Dorit Ravid

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Research interests

I am a linguist and psycholinguist working on Hebrew language acquisition and the development of linguistic literacy in a usage-based framework. I am interested in understanding the emergence and consolidation of the lexicon and grammar across infancy, childhood and adolescence in the context of diverse linguistic typologies and communicative settings. I find statistical learning and Construction Grammar extremely helpful in accounting for the structural and semantic patterning found in my studies.

Much of my work revolves around the acquisition of Hebrew morpho-syntax. In inflection, I have studied the development of Hebrew noun and adjective plurals, optional possessives, preposition structure, and the binyan verb paradigm, including temporal stems and agreement markers. In derivation, I have studied nominal and adjectival morphology, the binyan system, and morpho-semantic verb, noun, and adjective classes. I have examined the acquisition of specific Hebrew systems such as derived nominals, passive forms, denominal and resultative adjectives, diminutive structures, and compounding. A central theme of my work on derivational morphology has been the structure and semantics of the Semitic root.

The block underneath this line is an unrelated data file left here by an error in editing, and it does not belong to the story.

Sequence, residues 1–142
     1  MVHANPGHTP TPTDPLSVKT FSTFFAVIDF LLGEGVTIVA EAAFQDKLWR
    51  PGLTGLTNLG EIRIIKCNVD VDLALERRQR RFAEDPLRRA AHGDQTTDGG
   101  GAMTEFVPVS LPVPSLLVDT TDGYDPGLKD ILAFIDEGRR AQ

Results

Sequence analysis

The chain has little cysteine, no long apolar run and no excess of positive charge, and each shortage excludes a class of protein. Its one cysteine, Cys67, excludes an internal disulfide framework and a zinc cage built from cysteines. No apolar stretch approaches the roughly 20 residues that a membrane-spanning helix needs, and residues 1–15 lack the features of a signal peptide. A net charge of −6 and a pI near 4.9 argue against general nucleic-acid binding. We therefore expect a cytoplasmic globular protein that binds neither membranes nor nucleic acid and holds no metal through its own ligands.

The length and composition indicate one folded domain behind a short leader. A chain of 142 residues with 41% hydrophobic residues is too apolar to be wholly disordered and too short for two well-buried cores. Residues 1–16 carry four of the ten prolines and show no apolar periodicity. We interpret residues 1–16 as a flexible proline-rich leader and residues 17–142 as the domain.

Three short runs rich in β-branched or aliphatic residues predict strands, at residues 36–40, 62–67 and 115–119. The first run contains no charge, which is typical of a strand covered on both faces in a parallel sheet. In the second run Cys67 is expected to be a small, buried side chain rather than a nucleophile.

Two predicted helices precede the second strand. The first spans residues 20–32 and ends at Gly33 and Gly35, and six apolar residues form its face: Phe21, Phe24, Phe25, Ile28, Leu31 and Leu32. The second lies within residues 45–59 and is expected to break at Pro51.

I have reason to believe that language knowledge encompasses both spoken and written linguistic modes in literate language users. I have thus applied linguistic methodology and theory to studying Hebrew spelling at the interface of phonology, orthography, and morphology. A major thrust of my scientific work concerns the development of spoken and written text production in different genres ā€“ mainly narratives and expository texts ā€“ across the school years, with special focus on mature discourse abilities in adults.

Although my chief research interest is language in typically developing populations, collaboration with colleagues and students has generated studies of language learners with various disorders such as language and learning impairment, dyslexia, attention disorders, hearing impairment, central auditory disorder, cleft palate, and cerebral palsy. I am deeply committed studying the causes and effects of low socio-economic background on the development of language and literacy skills.

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